Two years ago, a professor at the Technical University of Munich published research showing how an ordinary, consumer-grade computer can process video in real time so that the face of someone in the video can be replaced with someone else, even matching facial expressions and mouth movements.
“These results are hard to distinguish from reality,” says Matthias Niessner, who runs the university’s Visual Computing Lab.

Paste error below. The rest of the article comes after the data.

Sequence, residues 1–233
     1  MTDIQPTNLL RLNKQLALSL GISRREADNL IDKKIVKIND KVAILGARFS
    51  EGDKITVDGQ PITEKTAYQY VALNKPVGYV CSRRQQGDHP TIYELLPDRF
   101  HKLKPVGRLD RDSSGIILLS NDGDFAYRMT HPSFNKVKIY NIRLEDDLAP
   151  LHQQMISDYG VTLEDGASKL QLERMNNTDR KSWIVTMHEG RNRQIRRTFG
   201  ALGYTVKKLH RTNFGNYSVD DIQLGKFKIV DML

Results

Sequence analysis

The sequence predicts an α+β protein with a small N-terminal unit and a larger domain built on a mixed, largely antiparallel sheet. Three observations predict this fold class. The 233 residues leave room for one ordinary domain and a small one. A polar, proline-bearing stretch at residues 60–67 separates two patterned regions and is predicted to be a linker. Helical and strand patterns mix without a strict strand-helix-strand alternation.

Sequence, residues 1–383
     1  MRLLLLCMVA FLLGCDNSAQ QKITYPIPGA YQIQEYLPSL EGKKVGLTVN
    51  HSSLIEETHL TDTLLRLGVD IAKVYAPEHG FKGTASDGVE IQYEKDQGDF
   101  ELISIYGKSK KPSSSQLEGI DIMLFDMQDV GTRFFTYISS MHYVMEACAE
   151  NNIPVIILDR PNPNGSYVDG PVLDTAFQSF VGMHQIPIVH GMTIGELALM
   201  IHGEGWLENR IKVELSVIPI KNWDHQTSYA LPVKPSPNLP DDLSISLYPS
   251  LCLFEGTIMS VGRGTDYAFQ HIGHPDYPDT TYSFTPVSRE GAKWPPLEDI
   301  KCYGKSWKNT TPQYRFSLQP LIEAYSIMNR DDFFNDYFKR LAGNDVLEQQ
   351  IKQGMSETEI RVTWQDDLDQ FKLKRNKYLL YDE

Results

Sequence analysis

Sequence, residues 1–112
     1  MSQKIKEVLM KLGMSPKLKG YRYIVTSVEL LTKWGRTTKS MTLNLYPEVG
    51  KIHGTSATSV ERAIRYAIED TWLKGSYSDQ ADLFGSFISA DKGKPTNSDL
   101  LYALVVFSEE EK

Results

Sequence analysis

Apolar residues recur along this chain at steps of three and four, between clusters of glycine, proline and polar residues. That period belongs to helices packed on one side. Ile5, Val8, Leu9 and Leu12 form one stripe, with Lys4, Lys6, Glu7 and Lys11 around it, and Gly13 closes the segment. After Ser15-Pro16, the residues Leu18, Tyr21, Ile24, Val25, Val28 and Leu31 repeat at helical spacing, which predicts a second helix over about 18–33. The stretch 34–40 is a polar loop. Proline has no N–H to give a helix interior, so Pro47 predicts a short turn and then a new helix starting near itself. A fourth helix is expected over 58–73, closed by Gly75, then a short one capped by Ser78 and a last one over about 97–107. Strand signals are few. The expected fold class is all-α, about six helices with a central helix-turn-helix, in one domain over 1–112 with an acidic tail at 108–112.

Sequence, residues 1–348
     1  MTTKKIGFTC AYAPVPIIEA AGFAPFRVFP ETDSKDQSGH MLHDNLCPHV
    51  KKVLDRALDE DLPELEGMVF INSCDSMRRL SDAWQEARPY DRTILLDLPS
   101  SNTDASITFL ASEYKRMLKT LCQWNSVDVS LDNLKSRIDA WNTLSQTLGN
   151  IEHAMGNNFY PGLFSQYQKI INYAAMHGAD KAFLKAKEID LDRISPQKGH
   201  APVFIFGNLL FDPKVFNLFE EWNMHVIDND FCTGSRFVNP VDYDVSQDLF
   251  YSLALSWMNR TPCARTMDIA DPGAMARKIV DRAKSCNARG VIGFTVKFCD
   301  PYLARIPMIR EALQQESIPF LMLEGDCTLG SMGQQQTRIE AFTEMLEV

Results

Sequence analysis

Of course, computer-generated content has been a staple of the movie industry for years. What’s different now is that it doesn’t take a Hollywood-sized budget and computer equipment to do it.
The technology rapidly evolved from an academic exercise to software that anyone could download and use.